The exigency in coping with the problems of the testicular tumor patient resides in the high incidence of this disease in the young male. Although neoplasms of the testes constitute only approximately 1% of all malignant growths in men, they are the most common tumor in men between the ages of 29 to 35 years; the majority occur in men between 20 to 40 years of age. The analysis of prognostic factors is of great concern since this tumor occurs in the prime of life. It is agreed by most authors1-4 that the size of the tumor, location, maldescent, and duration of symptoms or history of trauma are of no importance. The importance of some factors is not generally agreed upon; these include associated pain, urinary gonadotropin titer, and gynecomastia. Parker and Holyoke1 point out that gynecomastia is an ominous finding since only 2 out of 11 of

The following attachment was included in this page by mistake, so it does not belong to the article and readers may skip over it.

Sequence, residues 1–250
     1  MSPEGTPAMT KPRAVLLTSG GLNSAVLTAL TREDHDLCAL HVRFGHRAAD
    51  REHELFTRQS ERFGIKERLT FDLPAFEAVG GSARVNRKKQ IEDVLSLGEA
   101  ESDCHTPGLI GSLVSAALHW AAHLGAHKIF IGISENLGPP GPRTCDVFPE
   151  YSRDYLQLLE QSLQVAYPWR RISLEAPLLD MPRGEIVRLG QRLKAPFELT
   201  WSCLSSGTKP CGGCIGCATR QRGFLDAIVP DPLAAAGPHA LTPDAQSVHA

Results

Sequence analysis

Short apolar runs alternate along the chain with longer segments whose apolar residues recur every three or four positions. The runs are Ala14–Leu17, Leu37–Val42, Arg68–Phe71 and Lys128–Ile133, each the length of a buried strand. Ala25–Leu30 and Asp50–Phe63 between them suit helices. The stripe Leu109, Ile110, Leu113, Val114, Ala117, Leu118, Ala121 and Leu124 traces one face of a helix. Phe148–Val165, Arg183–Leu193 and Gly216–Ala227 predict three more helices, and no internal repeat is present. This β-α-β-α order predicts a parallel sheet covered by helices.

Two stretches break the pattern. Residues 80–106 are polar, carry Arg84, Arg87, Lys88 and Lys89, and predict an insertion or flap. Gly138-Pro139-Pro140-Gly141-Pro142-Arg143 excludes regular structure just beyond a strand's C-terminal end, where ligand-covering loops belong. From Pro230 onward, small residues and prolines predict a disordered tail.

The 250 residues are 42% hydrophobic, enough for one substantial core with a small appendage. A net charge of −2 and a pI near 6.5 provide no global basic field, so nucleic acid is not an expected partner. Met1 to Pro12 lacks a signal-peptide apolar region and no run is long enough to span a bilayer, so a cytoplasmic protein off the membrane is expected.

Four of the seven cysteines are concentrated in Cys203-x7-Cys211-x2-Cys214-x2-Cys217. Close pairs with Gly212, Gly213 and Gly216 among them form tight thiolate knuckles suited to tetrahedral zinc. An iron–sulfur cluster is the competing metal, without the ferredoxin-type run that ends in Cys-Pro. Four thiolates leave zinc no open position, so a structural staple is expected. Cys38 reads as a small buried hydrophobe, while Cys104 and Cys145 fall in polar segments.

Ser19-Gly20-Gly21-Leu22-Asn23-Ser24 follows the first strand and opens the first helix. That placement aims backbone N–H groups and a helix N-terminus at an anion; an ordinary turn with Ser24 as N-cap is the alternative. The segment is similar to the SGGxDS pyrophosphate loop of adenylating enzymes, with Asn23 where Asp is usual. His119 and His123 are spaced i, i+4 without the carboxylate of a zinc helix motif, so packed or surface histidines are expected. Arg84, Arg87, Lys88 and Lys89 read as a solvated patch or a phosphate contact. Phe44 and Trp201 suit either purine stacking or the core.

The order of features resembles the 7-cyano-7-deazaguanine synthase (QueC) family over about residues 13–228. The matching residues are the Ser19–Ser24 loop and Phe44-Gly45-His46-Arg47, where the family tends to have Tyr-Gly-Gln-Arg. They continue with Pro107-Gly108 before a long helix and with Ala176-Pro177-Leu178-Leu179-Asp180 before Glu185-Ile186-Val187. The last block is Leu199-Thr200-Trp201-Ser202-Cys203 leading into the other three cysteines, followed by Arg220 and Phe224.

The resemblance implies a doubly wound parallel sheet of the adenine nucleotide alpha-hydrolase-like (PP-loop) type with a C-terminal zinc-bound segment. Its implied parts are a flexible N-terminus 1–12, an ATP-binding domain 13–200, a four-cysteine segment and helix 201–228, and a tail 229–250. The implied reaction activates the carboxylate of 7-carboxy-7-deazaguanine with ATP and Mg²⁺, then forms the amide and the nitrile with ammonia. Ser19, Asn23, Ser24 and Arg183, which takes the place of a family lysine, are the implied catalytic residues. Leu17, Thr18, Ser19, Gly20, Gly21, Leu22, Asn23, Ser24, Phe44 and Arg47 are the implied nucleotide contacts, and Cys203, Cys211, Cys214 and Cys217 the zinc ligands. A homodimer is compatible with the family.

Rubin P. Cancer of the Urogenital Tract: Testicular Tumors. JAMA. 1970;213(1):89–90. doi:10.1001/jama.1970.03170270031006
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